Thailand has a close association with water– there is a lot of it everywhere. It rains a lot during the monsoon season, a lot of the land is low-lying. It is often said that Bangkok is built over water and certainly you see a lot of it everywhere. Rivers, ditches, flooded land, standing water on the roads.
The plot we settled on was not particularly low lying. According to the locals it had never flooded, but good advice dictated that we should future-proof the development. This was going to be our long-term home. Who knows what adjacent development might happen down the line and how that might affect us?
No… to be sure (as we could be) we needed to raise up the land. This would need the import of soils from elsewhere and then a ‘settling’ period for the new levels to consolidate. The plot sloped very gently from left to right as you stood on the road looking into it. Behind the road, the palm oil plantation was lower again, meaning that flooding on the plot was unlikely.
We decided to raise up the land, on average by 1m, and to level it at the same time, meaning more material was to be placed to the right as one looked from the road.
Once that had settled, the house footprint would be raised up another 60cm. So… a minimum increase of about 1.3m over and above the surrounding land, and with the surrounding land falling away from the plot.
It is recommended that land raising should stand for at least 1 rainy season to compact naturally. We were placing the soils just before the rainy season so if we were successful in completing in in time, we might only have to wait 6 months if the season was short.
A deal was done to supply soils to raise up the plot. We worked out it would take 112 loads at 8m3 / load to raise the land to the desired level and so one morning, about a week before the rainy season was due to start, those soils started arriving.
The land-raising operation was supervised by the supply company with an on-site supervisor, who ran 4 trucks to and from their soil source and a tractor fitted with a blade to spread and lightly compact the soils as they arrived. We were also on hand to ensure that there were no ‘mistakes’ with the delivery truck-count as we were paying per load.
The trucks soon started piling up the soils and the tractor was flat out spreading the material. He also periodically cleaned the road of the spillages and tracked material where the trucks exited the plot. The guy never stopped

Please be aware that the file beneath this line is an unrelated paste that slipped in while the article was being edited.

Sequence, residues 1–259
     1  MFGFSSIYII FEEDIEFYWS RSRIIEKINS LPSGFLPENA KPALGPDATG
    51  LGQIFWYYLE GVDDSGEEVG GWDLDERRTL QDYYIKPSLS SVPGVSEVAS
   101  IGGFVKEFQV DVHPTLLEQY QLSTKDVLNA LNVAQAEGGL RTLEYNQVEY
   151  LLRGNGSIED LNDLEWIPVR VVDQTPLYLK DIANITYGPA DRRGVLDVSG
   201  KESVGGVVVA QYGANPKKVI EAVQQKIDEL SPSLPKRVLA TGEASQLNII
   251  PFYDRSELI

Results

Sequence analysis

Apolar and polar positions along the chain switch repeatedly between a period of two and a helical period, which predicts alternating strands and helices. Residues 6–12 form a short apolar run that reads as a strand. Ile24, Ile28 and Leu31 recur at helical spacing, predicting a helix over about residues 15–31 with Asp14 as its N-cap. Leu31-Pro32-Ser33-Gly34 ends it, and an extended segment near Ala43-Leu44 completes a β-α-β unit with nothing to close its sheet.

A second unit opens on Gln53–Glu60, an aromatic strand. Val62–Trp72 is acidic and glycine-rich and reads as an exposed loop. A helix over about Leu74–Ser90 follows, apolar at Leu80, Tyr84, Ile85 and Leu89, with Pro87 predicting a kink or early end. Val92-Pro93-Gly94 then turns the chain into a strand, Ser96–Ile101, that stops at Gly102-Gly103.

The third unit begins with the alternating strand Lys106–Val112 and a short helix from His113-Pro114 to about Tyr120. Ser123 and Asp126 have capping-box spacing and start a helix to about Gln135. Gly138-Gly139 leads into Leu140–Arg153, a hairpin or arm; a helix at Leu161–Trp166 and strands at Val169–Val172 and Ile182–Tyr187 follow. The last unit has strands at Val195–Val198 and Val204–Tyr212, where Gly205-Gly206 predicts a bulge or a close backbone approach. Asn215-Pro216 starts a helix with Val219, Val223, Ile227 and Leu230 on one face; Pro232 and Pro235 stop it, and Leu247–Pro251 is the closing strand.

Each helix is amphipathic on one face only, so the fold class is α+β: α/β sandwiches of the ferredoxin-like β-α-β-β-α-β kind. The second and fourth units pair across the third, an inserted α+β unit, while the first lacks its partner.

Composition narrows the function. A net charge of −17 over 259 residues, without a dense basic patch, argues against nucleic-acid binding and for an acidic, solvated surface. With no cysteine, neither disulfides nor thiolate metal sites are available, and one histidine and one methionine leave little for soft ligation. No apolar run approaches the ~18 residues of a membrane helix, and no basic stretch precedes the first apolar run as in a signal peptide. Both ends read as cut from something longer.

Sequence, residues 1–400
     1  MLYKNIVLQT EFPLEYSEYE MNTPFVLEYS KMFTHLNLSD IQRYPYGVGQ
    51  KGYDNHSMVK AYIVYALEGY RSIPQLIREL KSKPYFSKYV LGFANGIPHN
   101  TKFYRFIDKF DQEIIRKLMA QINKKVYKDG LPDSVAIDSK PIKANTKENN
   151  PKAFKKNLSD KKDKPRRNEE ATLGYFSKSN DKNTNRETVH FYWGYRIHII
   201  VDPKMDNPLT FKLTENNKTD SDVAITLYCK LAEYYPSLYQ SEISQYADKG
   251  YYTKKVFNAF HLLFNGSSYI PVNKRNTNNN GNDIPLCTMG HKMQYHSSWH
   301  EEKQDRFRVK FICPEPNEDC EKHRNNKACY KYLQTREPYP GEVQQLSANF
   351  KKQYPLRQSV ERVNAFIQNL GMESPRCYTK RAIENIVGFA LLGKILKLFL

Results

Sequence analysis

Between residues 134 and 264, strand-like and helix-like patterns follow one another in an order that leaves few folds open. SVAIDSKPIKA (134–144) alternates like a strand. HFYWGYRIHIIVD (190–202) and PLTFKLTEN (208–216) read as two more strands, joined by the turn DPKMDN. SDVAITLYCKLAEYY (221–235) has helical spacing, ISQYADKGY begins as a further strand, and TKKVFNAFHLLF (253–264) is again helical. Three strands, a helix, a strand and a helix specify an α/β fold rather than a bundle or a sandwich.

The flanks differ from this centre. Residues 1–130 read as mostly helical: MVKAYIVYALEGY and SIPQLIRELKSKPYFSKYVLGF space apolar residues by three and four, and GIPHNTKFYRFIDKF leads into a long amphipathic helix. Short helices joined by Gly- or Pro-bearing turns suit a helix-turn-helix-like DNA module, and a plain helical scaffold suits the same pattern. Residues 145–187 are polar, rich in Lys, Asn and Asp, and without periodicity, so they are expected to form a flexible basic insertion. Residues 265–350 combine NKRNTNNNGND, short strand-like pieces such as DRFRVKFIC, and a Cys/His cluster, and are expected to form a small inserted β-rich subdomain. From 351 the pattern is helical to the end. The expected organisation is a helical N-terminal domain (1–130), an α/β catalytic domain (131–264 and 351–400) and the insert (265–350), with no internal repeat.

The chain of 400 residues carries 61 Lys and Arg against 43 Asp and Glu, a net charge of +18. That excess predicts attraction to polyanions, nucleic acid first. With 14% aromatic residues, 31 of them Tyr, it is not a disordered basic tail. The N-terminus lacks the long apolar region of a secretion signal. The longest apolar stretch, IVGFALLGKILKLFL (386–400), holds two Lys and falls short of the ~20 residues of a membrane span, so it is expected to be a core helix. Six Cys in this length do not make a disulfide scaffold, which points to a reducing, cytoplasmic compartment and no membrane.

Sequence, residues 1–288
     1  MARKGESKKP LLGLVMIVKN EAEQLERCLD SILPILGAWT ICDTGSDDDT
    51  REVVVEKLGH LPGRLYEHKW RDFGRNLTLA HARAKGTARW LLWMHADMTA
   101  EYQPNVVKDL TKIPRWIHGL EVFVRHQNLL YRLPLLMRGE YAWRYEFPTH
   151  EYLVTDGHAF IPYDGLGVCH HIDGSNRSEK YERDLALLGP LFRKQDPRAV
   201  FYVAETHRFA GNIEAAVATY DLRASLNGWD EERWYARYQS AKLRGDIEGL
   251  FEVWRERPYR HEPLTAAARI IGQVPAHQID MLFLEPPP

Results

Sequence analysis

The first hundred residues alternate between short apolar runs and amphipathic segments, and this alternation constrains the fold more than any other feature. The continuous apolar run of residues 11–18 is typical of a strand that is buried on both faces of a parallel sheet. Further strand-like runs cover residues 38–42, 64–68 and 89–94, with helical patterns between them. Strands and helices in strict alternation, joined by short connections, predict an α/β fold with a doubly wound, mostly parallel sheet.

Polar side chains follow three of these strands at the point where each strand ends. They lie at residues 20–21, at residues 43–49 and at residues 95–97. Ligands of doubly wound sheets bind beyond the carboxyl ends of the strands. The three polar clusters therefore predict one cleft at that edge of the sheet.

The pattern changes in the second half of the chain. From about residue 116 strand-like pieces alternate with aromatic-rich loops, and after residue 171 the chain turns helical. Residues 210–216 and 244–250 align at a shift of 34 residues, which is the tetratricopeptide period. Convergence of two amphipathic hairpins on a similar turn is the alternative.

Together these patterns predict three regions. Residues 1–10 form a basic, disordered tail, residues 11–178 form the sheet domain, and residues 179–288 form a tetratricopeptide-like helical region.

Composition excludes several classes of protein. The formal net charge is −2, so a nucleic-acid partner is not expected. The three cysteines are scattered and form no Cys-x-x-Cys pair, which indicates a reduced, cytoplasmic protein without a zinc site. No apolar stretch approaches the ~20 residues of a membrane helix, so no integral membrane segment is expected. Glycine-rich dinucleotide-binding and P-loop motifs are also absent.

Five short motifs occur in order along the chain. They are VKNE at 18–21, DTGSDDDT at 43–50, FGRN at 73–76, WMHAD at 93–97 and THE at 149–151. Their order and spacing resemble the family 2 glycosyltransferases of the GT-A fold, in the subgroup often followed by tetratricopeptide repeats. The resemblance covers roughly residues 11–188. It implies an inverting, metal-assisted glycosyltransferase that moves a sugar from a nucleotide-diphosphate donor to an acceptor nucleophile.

By the end of day one, 80 loads had been delivered and placed – a good start. We now did a quick re-check on the estimated truck loads needed. Was still pretty much on track except for some of the first truck loads were well under weight. That was noted and it was agreed that a reckoning would take place at the end.
Of more concern was the impending weather. Cloud had been building up towards the end of the day and it did not look too good. With crossed fingers we set off to the accommodation and hoped for the best for the following day
This picked up from the previous day and now the race was on to get the other 60 loads or so (extra loads due to the underweight deliveries at the start). The trucks started rolling in at 0800, and soon the operation was running as before. The road would be a disaster if the rain came – think mud everywhere, but we were saved by 2 things – the road itself is very lightly trafficked, with the ‘rush hour’’ consisting of a couple of pick-ups, a car and about 4 motorbikes and secondly, the excellent work carried out by the tractor driver.
The cloud built up as the soil placing progressed but the rain held off until we had placed the last load. The soil boss was straight round to check we were happy – he had sent extra loads to make up for the small truck loads. The job satisfactorily completed and the money paid, the road cleaned up, the trucks departed, and all parties went their separate ways
The rain came overnight.
Next morning we headed straight back to see the land. The rain had puddled across the plot and there was, what looked like a lot of run-off unto the road.
But in the main, the land-raising looked good. Now we had to wait…. at least until the end of the rainy season.
It’s OK though – there was plenty still to be done!